The first model we can identify is the ‘netarchical’ model, which combines centralized control of the technological infrastructure with a for-profit orientation. In this model, exemplified by the internet giants such as Amazon, eBay, Google or Facebook, while the front-end allows a certain, and even large measure, of peer to peer driven interactions, the technology itself is nevertheless owned and controlled by shareholders. These forces are the new ‘intermediaries’ of the internet, positioning themselves as facilitators of social cooperation and peer to peer interaction, but connecting these sharing platforms and spaces, dominated by the logic of use value, to the logic of exchange value. Users have very limited ways to create livelihoods, pay heavy transaction taxes to the platform owners, have no input into the design or social protocols which govern their own behaviour and interaction. Netarchical capital ‘enables and empowers’ peer to peer interactions, while also exploiting it. In fact, we can consider this as a form of hyper-exploitation, since in many cases, nearly 100% of the extracted exchange value goes to the owners, while the creators of the use value, without which the platform could not exist nor extract exchange value, remain unrewarded.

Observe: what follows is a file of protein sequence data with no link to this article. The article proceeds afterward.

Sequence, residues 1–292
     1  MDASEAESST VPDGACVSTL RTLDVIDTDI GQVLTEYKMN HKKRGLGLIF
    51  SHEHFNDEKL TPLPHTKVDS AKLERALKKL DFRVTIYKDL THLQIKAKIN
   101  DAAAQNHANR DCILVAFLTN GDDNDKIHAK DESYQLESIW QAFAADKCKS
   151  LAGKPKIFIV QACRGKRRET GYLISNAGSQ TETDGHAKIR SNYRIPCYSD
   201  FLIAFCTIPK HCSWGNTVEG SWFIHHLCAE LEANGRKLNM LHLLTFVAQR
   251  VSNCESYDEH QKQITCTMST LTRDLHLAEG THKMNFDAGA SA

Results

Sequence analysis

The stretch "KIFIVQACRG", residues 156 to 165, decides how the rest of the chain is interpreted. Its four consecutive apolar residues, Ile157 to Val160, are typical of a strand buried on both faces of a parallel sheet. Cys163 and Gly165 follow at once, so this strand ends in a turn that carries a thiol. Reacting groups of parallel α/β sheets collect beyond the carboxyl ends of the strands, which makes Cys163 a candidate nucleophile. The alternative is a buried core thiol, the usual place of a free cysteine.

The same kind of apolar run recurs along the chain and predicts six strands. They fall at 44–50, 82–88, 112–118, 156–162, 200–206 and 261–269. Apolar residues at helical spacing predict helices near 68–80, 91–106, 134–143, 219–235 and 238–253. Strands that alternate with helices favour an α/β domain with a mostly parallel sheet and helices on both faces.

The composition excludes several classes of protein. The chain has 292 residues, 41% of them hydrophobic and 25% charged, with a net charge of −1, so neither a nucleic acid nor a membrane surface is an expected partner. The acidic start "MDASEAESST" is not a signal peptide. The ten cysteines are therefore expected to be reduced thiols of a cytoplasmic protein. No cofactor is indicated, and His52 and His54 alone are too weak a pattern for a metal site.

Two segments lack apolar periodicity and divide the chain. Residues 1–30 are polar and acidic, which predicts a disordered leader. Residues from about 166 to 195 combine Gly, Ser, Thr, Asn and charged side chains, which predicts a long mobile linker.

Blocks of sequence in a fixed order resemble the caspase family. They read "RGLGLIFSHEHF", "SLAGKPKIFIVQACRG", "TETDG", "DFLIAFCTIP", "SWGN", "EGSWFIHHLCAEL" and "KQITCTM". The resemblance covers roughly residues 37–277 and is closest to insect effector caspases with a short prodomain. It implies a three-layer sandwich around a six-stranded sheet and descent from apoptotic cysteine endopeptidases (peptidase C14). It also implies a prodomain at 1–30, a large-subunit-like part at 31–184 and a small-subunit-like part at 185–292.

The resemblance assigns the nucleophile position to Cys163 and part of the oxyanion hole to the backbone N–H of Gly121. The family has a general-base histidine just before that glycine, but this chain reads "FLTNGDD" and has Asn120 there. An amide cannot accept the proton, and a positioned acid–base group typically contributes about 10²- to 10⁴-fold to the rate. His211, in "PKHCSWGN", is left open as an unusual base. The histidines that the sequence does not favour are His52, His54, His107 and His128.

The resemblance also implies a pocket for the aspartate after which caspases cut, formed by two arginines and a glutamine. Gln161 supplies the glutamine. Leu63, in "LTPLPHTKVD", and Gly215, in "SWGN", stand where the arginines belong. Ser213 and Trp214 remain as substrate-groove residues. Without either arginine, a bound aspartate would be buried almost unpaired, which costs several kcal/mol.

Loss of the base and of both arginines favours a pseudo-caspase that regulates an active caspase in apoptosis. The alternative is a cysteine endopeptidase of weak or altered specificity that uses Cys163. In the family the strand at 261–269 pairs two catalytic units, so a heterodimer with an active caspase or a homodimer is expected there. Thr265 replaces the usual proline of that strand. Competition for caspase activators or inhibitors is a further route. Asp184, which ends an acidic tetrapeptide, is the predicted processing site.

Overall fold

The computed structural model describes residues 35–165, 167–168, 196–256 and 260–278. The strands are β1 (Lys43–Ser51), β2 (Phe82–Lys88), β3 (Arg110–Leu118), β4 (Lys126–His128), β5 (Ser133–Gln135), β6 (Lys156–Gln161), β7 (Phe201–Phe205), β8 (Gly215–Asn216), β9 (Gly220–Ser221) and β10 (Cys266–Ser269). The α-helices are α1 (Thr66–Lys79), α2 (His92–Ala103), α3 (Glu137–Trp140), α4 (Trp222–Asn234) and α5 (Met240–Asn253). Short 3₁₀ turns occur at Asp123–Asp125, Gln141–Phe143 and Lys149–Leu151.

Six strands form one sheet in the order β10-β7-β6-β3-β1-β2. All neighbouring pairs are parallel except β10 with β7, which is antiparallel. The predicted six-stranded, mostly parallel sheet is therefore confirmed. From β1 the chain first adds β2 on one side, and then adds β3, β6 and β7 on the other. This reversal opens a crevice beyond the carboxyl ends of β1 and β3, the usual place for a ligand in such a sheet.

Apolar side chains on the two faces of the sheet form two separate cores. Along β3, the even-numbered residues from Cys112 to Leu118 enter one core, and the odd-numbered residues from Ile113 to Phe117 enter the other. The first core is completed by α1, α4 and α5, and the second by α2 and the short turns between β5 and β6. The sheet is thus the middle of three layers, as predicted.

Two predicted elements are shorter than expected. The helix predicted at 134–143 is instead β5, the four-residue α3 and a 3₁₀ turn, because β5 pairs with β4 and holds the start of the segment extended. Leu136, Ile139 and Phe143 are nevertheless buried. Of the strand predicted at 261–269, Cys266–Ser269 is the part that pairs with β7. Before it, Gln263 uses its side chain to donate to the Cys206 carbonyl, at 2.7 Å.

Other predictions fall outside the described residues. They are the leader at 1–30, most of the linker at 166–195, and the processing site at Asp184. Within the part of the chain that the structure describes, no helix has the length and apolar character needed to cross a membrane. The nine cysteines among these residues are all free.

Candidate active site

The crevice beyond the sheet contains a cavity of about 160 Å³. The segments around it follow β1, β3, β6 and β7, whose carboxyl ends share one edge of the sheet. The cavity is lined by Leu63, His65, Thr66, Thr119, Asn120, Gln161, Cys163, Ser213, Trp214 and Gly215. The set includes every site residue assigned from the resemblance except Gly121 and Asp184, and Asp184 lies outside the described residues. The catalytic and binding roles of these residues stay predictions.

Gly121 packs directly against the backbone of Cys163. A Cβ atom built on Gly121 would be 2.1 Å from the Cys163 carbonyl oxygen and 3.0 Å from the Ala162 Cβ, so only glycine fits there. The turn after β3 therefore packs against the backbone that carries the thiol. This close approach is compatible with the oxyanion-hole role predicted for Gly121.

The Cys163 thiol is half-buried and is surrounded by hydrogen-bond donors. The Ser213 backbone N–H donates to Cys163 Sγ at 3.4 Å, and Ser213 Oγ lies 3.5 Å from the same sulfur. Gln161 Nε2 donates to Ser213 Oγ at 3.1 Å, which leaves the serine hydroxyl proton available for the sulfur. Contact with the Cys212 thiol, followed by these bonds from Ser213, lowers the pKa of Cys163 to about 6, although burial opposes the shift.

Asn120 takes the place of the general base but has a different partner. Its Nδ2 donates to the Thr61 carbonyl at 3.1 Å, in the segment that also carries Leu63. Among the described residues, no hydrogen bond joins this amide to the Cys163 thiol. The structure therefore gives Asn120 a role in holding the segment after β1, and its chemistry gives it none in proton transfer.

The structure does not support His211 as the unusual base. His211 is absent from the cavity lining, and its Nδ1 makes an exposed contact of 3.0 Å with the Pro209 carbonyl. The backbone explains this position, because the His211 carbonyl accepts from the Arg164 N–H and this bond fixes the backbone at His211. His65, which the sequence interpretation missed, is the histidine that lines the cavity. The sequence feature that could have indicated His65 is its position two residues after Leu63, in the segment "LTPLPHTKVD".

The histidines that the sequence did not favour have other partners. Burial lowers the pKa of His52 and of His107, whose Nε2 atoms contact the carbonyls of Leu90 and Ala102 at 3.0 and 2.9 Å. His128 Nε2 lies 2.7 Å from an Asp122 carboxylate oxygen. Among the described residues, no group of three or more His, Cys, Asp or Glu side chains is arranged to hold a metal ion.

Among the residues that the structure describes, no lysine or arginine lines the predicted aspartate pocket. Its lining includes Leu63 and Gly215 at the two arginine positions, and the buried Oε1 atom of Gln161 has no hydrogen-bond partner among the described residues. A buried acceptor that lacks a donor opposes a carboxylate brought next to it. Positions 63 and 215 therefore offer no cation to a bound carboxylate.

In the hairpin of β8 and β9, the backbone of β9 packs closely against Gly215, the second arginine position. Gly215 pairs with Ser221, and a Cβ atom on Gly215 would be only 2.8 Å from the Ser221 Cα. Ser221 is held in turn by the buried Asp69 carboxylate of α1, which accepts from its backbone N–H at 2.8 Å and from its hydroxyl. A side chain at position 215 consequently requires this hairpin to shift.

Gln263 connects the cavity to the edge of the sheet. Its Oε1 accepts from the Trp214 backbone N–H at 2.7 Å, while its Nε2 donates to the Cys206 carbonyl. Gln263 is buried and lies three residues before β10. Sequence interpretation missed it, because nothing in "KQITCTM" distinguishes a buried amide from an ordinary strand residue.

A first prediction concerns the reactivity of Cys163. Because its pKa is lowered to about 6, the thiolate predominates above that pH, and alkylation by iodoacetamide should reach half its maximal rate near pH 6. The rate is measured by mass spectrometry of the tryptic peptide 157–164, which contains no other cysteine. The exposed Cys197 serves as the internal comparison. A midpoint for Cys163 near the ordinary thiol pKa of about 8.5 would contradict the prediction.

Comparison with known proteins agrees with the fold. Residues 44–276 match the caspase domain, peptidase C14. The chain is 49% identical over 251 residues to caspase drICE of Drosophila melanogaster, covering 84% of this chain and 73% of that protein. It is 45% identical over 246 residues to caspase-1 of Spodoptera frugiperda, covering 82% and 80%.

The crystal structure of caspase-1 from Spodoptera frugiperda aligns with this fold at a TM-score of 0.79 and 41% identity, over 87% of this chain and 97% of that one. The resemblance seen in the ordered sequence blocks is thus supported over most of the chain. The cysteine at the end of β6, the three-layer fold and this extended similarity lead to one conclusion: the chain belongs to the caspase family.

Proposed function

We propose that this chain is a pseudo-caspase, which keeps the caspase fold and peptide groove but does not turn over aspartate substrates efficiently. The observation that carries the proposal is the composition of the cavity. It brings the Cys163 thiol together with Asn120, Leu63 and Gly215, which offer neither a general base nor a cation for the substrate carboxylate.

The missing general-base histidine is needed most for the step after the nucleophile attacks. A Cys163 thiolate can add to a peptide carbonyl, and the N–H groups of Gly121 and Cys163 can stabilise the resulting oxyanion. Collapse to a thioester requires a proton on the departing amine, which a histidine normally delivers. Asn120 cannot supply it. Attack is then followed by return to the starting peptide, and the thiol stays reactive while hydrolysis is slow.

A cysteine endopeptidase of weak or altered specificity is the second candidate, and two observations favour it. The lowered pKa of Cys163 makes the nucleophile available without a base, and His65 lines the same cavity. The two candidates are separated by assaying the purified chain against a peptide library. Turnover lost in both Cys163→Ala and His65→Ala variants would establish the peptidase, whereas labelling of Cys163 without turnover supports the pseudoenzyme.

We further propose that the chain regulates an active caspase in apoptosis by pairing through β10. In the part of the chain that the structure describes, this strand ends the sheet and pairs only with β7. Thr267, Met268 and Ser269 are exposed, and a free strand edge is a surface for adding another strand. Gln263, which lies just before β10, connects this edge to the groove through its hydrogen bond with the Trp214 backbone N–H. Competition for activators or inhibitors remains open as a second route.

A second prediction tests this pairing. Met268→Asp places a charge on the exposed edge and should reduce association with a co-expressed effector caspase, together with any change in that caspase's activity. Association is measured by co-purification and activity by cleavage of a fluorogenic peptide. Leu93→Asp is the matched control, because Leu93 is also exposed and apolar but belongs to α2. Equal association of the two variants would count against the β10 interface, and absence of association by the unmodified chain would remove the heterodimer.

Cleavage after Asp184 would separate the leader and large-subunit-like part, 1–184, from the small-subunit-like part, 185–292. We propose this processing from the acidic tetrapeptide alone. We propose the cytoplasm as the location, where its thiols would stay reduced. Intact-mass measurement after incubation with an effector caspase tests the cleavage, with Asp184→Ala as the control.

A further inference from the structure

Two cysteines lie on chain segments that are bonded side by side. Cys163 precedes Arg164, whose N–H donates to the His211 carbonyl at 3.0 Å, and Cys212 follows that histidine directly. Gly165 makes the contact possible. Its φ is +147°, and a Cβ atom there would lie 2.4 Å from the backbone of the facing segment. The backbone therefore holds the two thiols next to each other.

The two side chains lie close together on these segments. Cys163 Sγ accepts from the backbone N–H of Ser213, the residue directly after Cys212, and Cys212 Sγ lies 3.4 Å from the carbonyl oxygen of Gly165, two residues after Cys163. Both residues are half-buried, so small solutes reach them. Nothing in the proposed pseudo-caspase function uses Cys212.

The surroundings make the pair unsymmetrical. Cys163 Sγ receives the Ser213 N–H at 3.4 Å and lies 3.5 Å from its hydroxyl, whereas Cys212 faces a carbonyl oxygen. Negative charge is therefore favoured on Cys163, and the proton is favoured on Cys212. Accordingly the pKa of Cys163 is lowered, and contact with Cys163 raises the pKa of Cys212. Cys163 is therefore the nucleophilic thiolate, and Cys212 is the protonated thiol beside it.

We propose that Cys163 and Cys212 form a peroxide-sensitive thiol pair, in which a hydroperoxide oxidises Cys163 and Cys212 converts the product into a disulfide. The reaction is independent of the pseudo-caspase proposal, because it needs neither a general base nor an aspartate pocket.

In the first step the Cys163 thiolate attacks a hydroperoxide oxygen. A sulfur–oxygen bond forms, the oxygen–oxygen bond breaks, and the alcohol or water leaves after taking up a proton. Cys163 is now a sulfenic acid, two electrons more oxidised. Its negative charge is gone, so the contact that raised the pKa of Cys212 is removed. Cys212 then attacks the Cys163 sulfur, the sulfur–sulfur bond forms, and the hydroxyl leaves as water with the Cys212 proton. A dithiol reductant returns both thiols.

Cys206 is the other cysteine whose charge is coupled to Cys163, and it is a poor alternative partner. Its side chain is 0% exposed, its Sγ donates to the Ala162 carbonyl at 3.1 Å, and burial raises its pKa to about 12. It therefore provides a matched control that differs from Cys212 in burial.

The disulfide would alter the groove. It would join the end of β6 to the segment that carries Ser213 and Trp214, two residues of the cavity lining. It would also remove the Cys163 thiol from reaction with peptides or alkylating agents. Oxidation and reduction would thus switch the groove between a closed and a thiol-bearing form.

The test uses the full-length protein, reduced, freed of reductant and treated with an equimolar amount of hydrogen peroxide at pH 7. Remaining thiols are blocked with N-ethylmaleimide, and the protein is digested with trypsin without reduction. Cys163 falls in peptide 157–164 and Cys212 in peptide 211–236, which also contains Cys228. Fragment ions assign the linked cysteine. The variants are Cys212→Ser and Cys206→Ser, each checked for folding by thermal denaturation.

Could we argue that to this emerging new sector of capital, corresponds a new state model ? We would say yes, and the Snowden revelations point towards the emergence of netarchical state forms, in which peer to peer interactions are allowed, but also monitored and controlled. It is no secret that there is a close cooperation between both the commercial netarchical operators, and the national governments that support them. The dream of the netarchical state is behavioural control and modification by directly connecting our online behaviours, to neurological prompts.